Black Police in America

by W. Marvin Dulaney

Published by: Indiana University Press

216 Pages, 6.12 x 9.25 in, 15 b&w photos

  • Paperback
  • 9780253210401
  • Published: February 1996


"Clear, concise, and filled with new materials, the book sets a high standard . . . Scholars in African American, police, and urban history will all be grateful for what is certain to become a fundamental work in their fields." —The Alabama Review

"A balanced, perceptive, and readable study." —Kirkus Reviews

" . . . easily read and interesting text . . . " —The Post and Courier (Charleston, SC)

"[This] readable book is bound to explode plenty of myths. . . . This is an important book that is long overdue." —Our Texas, The Spirit of African-American Heritage

"There is no better time than now for this electrifying, clear, and much needed volume." —Robert B. Ingram, President, National Conference of Black Mayors

"Black Police in America is the most comprehensive and best documented study that I have read on African Americans in law enforcement." —Nudie Eugene Williams, University of Arkansas

"Full of fascinating stories and accounts of racism and heroism, as well as photos and charts, this volume fills a void in the study of the African-American experience." —South Carolina Historical Magazine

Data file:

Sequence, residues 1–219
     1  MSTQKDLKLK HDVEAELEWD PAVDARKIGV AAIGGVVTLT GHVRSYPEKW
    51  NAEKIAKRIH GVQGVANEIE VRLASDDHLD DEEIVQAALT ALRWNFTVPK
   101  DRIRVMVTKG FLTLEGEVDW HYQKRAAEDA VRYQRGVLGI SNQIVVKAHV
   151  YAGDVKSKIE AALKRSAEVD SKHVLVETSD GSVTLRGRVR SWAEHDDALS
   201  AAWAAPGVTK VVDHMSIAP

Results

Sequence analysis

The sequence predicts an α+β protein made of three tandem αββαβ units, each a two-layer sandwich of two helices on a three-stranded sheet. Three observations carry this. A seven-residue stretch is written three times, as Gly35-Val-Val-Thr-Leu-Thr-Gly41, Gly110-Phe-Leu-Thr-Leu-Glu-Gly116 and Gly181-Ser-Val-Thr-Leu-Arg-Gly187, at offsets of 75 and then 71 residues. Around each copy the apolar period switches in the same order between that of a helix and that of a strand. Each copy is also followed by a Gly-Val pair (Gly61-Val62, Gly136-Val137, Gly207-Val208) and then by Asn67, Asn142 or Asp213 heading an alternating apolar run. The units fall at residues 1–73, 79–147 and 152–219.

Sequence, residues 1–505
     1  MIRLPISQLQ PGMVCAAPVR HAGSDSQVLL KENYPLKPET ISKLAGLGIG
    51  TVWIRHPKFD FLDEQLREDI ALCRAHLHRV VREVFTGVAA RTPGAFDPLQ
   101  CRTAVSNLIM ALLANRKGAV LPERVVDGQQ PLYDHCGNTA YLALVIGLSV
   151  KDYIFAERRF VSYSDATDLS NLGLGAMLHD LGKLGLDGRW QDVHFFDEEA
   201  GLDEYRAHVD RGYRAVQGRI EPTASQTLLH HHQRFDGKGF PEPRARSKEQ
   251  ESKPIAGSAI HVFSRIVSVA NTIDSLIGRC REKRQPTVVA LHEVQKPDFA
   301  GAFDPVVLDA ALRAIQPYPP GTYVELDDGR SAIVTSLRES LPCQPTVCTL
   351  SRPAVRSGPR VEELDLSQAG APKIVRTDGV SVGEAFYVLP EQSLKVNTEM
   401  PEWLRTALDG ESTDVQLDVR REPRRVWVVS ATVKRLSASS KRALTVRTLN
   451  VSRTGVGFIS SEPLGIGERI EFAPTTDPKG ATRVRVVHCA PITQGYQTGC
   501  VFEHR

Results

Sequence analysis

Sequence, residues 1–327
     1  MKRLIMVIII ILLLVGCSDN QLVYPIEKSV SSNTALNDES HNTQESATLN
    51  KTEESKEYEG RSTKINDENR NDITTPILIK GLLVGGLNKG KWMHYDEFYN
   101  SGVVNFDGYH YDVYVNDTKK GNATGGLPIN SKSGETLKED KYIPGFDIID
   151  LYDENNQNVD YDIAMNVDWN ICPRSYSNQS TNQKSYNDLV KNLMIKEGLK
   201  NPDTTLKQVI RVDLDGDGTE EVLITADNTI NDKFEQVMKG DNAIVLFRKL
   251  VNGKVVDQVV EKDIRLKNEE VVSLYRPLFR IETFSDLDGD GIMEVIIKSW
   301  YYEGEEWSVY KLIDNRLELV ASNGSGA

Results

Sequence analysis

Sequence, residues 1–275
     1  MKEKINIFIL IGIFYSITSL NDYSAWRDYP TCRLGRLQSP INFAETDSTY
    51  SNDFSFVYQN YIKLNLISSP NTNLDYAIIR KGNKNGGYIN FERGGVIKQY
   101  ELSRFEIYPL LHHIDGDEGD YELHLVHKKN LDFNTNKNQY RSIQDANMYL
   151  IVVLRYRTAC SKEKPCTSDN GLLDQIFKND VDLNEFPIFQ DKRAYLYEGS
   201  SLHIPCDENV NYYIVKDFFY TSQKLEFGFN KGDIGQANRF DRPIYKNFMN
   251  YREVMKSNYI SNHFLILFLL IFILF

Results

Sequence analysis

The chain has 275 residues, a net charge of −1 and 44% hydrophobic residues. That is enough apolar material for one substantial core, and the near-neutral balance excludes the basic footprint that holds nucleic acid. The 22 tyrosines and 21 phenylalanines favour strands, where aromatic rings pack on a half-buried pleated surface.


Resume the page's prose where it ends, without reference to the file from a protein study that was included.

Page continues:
". . . a fresh and original study and an important contribution to the fields of African American and urban history and criminal justice." —The Journal of American History

" . . . an accomplished and wide-ranging comparative analysis of the role of race in the development and operation of police departments in America's nineteenth- and twentieth-century cities." —The Journal of Southern History

African Americans demanded "colored police for colored people" for over two centuries. Black Police in America traces the history of African Americans in policing, from the appointment of the first "free men of color" as slave patrollers in 19th-century New Orleans to the advent of black police chiefs in urban centers—and explains the impact of black police officers on race relations, law enforcement, and crime.